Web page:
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Poem by Frederick Locker-Lampson

The Old Oak-Tree at Hatfield Broadoak

A MIGHTY growth! The countyside
Lamented when the giant died,
  For England loves her trees:
What misty legends round him cling!
How lavishly he once did fling
  His acorns to the breeze!

To strike a thousand roots in fame,
To give the district half its name,
  The fiat could not hinder;
Last spring he put forth one green bough,
The red leaves hang there still,but now
  His very props are tinder.

Elate, the thunderbolt he braved;
Long centuries his branches waved
  A welcome to the blast:
An oak of broadest girth he grew,
And woodman never dared to do
  What time has done at last.

The monarch wore a leafy crown,
And wolves, ere wolves were hunted down,
  Found shelter at his foot;
Unnumbered squirrels gambolled free,
Glad music filled the gallant tree
  From stem to topmost shoot.

And it were hard to fix the tale
Of when he first peered forth a frail
  Petitioner for dew;
He took no ill from Saxon spade,
The rabbit spared the tender blade,
  And valiantly he grew,

And showed some inches from the ground
When Saint Augustine came and found
  Us very proper Vandals;
When nymphs owned bluer eyes than hose,
When England measured men by blows,
And measured time by candles.

Worn pilgrims blessed his grateful shade
  Ere Richard led the first crusade,
And maidens led the dance
Where, boy and man, in summer time,
Sweet Chaucer pondered oer his rhyme;
  And Robin Hood, perchance,

Stole hither to maid Marian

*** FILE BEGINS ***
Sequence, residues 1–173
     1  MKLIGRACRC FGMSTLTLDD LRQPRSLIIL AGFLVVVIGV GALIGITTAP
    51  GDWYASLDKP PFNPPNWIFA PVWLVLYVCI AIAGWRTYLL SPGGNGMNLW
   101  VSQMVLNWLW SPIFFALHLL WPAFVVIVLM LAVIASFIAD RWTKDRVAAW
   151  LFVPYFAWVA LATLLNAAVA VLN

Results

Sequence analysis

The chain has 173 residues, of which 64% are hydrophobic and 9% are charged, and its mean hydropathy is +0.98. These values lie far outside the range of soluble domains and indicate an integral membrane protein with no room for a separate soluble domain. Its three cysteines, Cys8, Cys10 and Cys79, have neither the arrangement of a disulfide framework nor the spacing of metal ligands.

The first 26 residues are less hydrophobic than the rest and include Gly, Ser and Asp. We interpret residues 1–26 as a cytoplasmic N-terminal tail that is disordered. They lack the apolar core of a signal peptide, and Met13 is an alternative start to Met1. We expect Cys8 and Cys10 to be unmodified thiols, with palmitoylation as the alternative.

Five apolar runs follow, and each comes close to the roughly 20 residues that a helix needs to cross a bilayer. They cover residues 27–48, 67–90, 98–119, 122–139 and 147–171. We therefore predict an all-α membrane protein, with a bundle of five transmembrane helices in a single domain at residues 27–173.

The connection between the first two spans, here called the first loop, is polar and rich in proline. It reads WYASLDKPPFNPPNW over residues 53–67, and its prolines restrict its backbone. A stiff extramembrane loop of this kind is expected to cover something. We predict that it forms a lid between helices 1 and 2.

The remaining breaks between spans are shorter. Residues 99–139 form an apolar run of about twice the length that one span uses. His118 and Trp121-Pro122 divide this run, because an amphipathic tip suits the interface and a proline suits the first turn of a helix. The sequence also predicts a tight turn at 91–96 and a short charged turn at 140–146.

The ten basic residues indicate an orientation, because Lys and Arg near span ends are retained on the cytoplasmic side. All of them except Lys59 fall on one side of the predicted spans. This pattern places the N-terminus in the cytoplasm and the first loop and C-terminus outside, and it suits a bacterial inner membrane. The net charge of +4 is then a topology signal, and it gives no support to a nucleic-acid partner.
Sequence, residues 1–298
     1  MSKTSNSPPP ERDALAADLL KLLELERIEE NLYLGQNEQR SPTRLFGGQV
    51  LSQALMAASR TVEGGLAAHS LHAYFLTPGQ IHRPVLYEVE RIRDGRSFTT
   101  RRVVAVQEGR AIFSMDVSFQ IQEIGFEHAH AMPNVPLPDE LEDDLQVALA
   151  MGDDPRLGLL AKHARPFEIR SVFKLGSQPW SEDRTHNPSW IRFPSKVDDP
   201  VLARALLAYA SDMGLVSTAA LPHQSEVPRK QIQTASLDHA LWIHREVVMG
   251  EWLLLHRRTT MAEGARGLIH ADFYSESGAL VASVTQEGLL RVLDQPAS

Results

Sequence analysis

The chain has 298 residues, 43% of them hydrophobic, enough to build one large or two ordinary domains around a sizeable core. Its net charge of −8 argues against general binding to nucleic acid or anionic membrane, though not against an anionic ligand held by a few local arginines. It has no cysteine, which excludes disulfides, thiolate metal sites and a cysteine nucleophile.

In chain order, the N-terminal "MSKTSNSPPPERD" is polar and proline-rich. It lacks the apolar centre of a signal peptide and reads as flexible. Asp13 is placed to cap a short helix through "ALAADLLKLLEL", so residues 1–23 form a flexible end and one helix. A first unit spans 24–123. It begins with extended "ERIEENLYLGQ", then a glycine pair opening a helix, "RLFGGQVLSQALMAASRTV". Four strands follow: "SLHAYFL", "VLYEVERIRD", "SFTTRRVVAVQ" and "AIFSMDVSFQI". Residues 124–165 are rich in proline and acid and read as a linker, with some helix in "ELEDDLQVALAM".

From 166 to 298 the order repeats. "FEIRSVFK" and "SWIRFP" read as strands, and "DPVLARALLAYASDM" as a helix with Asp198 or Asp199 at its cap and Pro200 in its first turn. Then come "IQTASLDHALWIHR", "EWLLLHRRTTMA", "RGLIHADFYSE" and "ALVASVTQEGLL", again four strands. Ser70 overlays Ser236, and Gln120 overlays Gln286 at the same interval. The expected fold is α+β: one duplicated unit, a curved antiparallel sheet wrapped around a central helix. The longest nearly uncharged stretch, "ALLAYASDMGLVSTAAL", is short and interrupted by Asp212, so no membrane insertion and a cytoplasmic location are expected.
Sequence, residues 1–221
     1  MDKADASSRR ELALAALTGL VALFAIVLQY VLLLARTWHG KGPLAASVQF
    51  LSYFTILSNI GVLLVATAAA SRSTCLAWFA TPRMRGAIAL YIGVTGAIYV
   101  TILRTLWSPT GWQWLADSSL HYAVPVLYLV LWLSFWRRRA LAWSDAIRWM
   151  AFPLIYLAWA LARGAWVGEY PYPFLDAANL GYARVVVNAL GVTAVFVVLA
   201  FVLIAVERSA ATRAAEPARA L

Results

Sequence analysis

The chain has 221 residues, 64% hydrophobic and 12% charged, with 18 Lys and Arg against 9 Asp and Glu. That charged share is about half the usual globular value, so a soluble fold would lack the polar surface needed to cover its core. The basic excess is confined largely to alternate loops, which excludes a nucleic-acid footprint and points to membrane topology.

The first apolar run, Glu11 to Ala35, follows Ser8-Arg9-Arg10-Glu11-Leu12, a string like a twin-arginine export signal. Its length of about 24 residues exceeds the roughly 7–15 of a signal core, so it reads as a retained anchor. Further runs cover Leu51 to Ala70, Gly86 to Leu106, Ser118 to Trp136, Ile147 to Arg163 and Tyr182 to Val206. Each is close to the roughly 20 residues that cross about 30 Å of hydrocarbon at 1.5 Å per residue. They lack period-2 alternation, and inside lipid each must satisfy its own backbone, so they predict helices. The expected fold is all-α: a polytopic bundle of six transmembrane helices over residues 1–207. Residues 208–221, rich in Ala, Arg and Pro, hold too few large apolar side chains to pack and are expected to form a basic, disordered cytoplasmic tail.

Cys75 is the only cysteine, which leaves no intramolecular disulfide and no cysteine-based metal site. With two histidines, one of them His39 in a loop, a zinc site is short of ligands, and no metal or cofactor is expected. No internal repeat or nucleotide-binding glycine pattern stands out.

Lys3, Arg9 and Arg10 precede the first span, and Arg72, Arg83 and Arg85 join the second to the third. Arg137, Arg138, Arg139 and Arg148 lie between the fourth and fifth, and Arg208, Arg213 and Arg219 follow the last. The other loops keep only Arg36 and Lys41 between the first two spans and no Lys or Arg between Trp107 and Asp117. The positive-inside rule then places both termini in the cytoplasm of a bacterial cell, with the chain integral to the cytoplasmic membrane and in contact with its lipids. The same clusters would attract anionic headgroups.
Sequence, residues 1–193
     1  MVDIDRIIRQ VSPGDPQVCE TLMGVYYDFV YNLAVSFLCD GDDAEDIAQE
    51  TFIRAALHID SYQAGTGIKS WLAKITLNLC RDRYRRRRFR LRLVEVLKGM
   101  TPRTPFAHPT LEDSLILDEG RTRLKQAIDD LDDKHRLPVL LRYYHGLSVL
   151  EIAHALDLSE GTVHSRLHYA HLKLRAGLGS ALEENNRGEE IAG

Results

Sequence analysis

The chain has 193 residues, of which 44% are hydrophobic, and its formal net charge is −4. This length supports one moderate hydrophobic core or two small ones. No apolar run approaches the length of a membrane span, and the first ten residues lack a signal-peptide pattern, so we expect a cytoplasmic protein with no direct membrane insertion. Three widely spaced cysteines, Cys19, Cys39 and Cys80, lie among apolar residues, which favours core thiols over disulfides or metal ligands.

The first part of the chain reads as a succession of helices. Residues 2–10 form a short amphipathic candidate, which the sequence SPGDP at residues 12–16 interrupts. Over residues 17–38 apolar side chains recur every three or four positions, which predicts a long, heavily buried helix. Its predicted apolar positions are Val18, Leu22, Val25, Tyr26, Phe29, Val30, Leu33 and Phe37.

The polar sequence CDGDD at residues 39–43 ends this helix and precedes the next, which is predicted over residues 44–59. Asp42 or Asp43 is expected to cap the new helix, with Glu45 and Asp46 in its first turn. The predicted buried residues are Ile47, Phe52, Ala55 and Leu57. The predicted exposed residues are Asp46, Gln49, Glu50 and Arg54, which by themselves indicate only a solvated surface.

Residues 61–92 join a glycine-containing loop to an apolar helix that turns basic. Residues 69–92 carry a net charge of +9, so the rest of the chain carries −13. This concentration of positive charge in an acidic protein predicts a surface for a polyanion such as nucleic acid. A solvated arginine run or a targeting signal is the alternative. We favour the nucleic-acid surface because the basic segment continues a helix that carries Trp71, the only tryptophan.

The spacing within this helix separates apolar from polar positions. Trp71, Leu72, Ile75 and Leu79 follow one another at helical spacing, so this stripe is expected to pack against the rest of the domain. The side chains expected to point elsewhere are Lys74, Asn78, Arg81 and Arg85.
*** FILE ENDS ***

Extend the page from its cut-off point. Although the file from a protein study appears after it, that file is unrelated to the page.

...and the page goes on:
(And if they did not come, one can
  At any rate suppose it);
They met beneath the mistletoe,
We did the same, and ought to know
  The reason why they chose it.

And this was called the traitors branch,
Stern Warwick hung six yeomen stanch
  Along its mighty fork;
Uncivil wars for them! The fair
Red rose and white still bloom,but where
  Are Lancaster and York?

A churchman once was Englands hope,
He saw that bold man beard the Pope;
  In persecutions reign
He mourned our martyrs at the stake,
And sent his kin to sea with Drake,
  When Tudor humbled Spain.

A time-worn tree, he could not bring
His heart to screen the merry king,
  Or countenance his scandals;
Then men were measured by their wit,
And then the mimic statesmen lit
  At either end their candles.

When Blake was busy with the Dutch
They gave his poor old arms a crutch;
  And thrice four maids and men ate
A meal within his rugged bark,
When Coventry bewitched the park,
  And Chatham swayed the senate.

His few remaining boughs were green,
And dappled sunbeams danced between,
  Upon the dappled deer,
When, clad in black, a pair were met
To read the Waterloo Gazette,
  They mourned their darling here.

They joined their boy. The tree at last
Lies prone,discoursing of the past,
  Some fancy-dreams awaking,
Resigned, though headlong changes come,
Though nations arm to tuck of drum,
  And dynasties are quaking.

Romantic spot! By honest pride
Of eld tradition sanctified;
  My pensive vigil keeping,
I feel thy beauty like a spell,
And thoughts, and tender thoughts, upwell,
  That fill my heart to weeping.

Frederick Locker-Lampson

Frederick Locker-Lampson's other poems:
  1. My Firstborn
  2. St Georges, Hanover Square
  3. The Russet Pitcher
  4. The Cradle
  5. Phœbe, the Nymph of the Well

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